They really like the area at the edge of woods or a hedgerow along a pasture - They hunt for bugs in the grass, and fly back to the hedgerow trees for safety.
Bluebirds don't like overgrown, brushy areas - In these areas, wrens seem to outcompete bluebirds. They really proliferate in large lawns, golf courses, parks, and anywhere else that has some open area.
They will nest in wooded areas as long as the understory isn't too thick, such as the old remnant forest tracts in agricultural fields.
How to Make Your Yard a Bluebird Habitat
It really doesn't take much effort to make your yard more bluebird-friendly.
At the Nursery, we always see bluebirds flying around. We let one area of pasture go unmowed for a season, and put up nesting boxes.
We have had at least 3 successful pairs every year since we did this, and will put up more boxes around the pasture this year!
At the edge of the garden, plant a clump of 3 redbuds and allegheny serviceberry - These small trees offer perching sites for bluebirds to hunt, and the swath of native grass will provide plenty of insects for the birds to eat.
What are Problems Bluebirds Face?
While Bluebirds are very easy to attract, it is important to remember that they do face some problems.
The main difficulties they face are predators and other birds that will compete for their nesting space.
Common Predators of Bluebirds
The main predators of Bluebird adults are housecats and hawks. Make sure that your yard has plenty of twiggy small trees and shrubs that the bluebirds can duck into to get away from them.
Also make sure that it doesn't get too overgrown around your birdbath and houses. Cats will take advantage of the cover and hide in wait for birds.
Snakes, raccoons, squirrels and chipmunks will sometimes get into the nesting boxes and eat the eggs or young hatchlings - For tips on how to control nest predators, scroll down to the Nesting Box Location section.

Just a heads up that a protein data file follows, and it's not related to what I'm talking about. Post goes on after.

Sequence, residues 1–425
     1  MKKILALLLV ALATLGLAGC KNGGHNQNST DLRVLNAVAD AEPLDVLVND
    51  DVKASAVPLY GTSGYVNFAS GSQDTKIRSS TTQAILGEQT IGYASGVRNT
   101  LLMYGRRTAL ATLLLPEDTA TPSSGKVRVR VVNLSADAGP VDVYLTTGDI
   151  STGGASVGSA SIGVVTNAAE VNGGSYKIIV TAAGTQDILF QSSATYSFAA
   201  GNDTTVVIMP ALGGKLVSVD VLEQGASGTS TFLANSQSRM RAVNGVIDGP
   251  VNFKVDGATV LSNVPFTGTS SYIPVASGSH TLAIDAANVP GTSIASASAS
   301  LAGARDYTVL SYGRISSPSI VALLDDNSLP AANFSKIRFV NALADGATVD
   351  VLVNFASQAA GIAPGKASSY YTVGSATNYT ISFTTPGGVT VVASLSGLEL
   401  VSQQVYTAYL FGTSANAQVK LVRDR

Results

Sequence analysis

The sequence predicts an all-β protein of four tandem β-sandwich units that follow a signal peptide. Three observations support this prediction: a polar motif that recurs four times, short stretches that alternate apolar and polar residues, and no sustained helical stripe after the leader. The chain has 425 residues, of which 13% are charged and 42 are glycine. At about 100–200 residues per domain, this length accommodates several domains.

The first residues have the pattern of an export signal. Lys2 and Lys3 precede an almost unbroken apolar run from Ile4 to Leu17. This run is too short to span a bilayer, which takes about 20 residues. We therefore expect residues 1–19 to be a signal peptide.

Competitors of Bluebirds
The biggest competitor of bluebirds by far are house sparrows, sometimes called English Sparrows.
These birds are much more aggressive than bluebirds, and take over nest boxes earlier than bluebirds. Sparrows are very difficult to keep out once they've taken over a nesting box, and the best solution at that point may be to clean the box out and move it.
House sparrows mainly congregate around houses and barns, so by moving your nesting box at least 100 feet away from the nearest human structure, you're increasing the chances of your bluebirds nesting successfully.
That brings us to our next topic: Nest placement!
Where should I place my Bluebird Nesting Boxes?
While bluebird boxes are very easy to install and can be installed almost anywhere, some care should be taken when choosing a site. Here are some of the factors that you will need to consider:
The Best Location for Bluebird Nesting Boxes
The best location for a Bluebird Nesting Box would ideally be in an open, grassy area with trees not too far away.
A key example of this is pastureland - Here in the East, pastures are usually surrounded by forest, and this is where Bluebirds really proliferate.
Make sure that you don't put the nesting box right at the edge of the woods or in a shrubby area - These places are the preferred habitat of House Wrens, and they will claim a nesting box right away.
They are also fiercely competitive, keeping Bluebirds from being able to nest.
As I mentioned earlier, you will definitely need to keep the nesting box away from buildings, with 100 feet being the minimum.
How Far Apart should Bluebird Nesting Boxes Be?
In order to prevent conflict between pairs of bluebirds, try to keep your nesting boxes at least 150 feet apart. Each box has the potential of raising a brood of young, so try to put as many on your property as you can fit within that distance!
Side Note - If you are looking to purchase a bluebird nesting box, I recommend the round Gilbertson-style ones. My brother got a few of these several years ago (I can't even remember where from), and they have been extremely successful. House sparrows do not like the smaller, deeper box, and the design makes it hard for predators to get in.
These boxes are somewhat hard to find, and not a lot of large stores sell them. The best price I've seen is on Etsy.
If you are handy with tools and like to build birdhouses, here's the original plan - They are very straightforward to make!
Which Direction should my Bluebird Box Face?
Place your bluebird nesting box so that the entrance faces away from the hot sun and away from the prevailing wind. I usually place them facing East, since our strongest winds come from the West and South.
We also get really hot afternoon sun, so I consider that as well when placing the box.
Bluebirds begin coming back up from the south in mid-March, and they select nesting sites right away. Be sure to have your boxes cleaned out and put up by March 15th.
Hopefully I've given you some helpful tips for getting bluebirds to nest - Be sure to click the links in the green bar to share this article!